Mexico's foreign ministry took note of the U.S. government's recommendation that former Mexican President Ernesto Zedillo be granted immunity from a civil lawsuit over a 1997 massacre.
The Mexican government had asked Washington to make a determination on whether Zedillo, a faculty member at Yale University, can be sued in U.S. federal court for events that took place during his 1994-2000 tenure as head of state.
The law firm of Rafferty, Kobert, Tenenholtz, Bounds & Hess filed the $50 million suit almost a year ago with a federal court in Connecticut.
The plaintiffs are a dozen unnamed relatives of some of the victims of the 1997 Acteal massacre.
"This complaint is predicated on former President Zedillo's actions as President, not private conduct," State Department legal adviser Harold Hongju Koh said in a letter to the U.S. District Court in Hartford, Connecticut.
"The government of Mexico does not believe that a U.S. law should or can grant jurisdiction to the courts of that country to hear civil suits over deeds committed outside the United States and not involving U.S. citizens," the Mexican foreign ministry said.
Immunity of heads of state before foreign courts for official acts "is based on international custom, with the aim of ensuring respect for the equal sovereignty of states," the ministry said in a statement.
On Dec. 22, 1997, a group of men toting assault rifles killed 45 unarmed Tzotzil Indians, including 15 children, as they were praying inside a church in Acteal, Chiapas state.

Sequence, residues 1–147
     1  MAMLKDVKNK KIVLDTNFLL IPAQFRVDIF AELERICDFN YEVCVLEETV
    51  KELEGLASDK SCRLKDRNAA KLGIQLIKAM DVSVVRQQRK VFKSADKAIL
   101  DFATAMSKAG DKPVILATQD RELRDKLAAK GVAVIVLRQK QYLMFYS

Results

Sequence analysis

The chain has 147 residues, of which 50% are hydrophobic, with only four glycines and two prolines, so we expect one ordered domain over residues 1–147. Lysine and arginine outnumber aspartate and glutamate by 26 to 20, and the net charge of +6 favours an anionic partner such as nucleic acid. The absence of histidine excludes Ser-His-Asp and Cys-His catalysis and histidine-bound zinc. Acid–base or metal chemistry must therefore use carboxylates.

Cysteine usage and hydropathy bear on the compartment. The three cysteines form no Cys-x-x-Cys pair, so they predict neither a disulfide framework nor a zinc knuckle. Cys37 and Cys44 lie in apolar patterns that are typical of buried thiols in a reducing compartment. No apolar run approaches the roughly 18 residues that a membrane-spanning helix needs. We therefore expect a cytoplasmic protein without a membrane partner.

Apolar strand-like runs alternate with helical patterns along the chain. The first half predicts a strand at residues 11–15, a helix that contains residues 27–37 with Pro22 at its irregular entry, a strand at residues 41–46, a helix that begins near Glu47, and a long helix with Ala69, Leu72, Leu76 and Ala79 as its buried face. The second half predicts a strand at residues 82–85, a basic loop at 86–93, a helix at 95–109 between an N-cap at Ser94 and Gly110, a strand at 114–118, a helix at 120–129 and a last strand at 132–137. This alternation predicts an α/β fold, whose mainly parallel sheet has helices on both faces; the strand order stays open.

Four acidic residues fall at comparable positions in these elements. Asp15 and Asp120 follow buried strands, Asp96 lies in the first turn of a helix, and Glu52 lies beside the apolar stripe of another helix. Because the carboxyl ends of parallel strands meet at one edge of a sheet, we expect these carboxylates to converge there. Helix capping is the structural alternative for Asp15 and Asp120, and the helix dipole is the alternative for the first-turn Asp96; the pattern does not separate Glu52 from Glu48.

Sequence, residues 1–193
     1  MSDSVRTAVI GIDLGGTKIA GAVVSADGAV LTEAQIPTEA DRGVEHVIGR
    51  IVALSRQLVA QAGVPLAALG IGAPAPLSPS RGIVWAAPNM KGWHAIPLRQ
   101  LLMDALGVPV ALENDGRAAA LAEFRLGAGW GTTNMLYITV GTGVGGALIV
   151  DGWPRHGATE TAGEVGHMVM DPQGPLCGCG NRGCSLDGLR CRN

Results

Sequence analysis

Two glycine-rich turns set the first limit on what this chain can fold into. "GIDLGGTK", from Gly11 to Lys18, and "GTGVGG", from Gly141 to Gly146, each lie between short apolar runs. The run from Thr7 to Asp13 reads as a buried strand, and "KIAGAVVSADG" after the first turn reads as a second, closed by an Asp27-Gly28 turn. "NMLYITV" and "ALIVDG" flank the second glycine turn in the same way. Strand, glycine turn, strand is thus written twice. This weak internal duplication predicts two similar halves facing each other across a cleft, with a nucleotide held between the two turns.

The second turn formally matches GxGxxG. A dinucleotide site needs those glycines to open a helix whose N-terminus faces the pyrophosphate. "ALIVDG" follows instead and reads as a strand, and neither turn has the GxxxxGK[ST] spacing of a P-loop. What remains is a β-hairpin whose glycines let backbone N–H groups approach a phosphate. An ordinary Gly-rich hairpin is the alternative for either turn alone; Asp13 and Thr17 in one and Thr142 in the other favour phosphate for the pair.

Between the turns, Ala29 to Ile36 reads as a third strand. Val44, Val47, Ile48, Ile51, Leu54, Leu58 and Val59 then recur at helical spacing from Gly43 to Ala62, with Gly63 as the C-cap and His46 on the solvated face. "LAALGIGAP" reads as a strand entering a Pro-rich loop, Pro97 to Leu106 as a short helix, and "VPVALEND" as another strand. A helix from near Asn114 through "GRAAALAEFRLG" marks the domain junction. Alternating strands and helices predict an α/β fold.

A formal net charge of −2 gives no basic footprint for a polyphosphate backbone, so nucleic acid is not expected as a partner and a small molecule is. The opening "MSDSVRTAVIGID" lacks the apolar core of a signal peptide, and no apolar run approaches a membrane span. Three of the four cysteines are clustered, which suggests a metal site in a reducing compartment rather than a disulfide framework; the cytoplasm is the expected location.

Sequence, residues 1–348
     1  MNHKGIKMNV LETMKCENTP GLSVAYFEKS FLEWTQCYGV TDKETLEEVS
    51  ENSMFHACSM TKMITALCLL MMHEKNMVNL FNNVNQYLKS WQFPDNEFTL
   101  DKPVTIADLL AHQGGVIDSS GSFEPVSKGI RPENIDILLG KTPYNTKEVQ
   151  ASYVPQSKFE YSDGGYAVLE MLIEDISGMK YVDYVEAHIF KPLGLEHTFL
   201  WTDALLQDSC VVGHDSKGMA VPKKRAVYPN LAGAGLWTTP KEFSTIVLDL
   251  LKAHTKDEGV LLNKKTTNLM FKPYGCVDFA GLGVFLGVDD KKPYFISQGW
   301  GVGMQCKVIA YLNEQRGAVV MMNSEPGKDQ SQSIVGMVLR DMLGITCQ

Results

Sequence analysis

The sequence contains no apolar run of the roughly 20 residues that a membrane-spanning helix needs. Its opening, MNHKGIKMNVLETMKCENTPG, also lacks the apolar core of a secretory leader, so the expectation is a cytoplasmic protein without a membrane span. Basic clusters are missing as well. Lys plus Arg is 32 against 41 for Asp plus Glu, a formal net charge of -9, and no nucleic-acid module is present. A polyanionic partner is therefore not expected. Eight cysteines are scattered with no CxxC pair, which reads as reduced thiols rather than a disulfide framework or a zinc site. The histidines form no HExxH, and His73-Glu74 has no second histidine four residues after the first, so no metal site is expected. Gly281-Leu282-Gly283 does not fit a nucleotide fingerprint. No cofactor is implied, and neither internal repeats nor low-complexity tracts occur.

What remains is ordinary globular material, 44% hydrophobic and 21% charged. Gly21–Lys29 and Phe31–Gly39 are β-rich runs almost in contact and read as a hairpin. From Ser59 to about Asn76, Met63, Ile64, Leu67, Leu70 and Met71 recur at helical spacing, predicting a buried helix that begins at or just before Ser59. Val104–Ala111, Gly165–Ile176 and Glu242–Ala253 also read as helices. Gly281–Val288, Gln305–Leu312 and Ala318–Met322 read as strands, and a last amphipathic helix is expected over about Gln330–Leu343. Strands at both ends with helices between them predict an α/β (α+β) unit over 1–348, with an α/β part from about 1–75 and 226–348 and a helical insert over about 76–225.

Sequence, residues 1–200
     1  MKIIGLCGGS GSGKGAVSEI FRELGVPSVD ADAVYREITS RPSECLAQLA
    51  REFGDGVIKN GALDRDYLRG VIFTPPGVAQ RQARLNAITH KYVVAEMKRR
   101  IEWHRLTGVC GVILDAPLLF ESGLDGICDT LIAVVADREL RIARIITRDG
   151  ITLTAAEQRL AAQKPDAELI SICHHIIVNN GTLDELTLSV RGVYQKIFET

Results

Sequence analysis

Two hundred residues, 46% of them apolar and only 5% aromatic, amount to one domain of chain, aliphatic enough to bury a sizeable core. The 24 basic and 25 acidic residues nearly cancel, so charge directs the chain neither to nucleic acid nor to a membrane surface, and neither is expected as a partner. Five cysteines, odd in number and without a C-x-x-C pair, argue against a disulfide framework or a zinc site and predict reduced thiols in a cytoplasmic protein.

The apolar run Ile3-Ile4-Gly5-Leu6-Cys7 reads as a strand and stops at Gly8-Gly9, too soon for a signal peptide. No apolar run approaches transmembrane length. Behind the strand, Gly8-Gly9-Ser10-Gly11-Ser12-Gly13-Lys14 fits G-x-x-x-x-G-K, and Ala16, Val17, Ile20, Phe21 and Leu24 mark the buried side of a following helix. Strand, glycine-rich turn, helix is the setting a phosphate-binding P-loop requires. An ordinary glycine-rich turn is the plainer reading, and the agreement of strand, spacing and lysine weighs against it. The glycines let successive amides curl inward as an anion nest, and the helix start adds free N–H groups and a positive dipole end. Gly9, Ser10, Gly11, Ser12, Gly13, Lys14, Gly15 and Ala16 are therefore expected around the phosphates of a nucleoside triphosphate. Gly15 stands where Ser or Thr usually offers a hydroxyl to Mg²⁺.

Lawyers for Zedillo dismiss the allegations that he played a role in the massacre as "unfounded" and "slanderous."
The massacre occurred during the period when the government was fighting the Zapatista National Liberation Army, or EZLN, guerrilla group.
Tzotzil Indians from the Tzajalum, Chimix and Quextic communities had gathered in Acteal after fleeing their homes due to violence between EZLN supporters and armed members of the Institutional Revolutionary Party, or PRI, which governed Mexico at the time.
The massacre led to the resignations of Government Secretary Emilio Chuayfett and Chiapas Gov. Julio Cesar Ruiz Ferro, both of whom were PRI members.
Some people considered Ruiz Ferro to be behind the massacre.
Many human rights groups labeled the massacre a "state crime" and accused Ruiz Ferro and Zedillo of being involved.
The lawsuit accuses the former Mexican head of state of complicity with the slaughter and an ensuing cover-up organized with former Attorney General Jorge Madrazo Cuellar.
The lawsuit contends that the Zedillo administration abandoned talks with the Zapatistas - whose armed uprising lasted only about a week - in favor of a violent crackdown after a report from a U.S. bank cited instability in Chiapas as a negative factor for the Mexican economy.
Zedillo, according to the suit, conspired with Madrazo Cuellar to hide the president's connection with a covert operation involving the use of police, soldiers and civilian paramilitaries to crush the Zapatistas.
"Compelling evidence shows that the authorities facilitated the arming of paramilitaries who carried out the killings and failed to intervene as the savage attack continued for hours," Amnesty International said in a 1998 statement on Acteal. EFE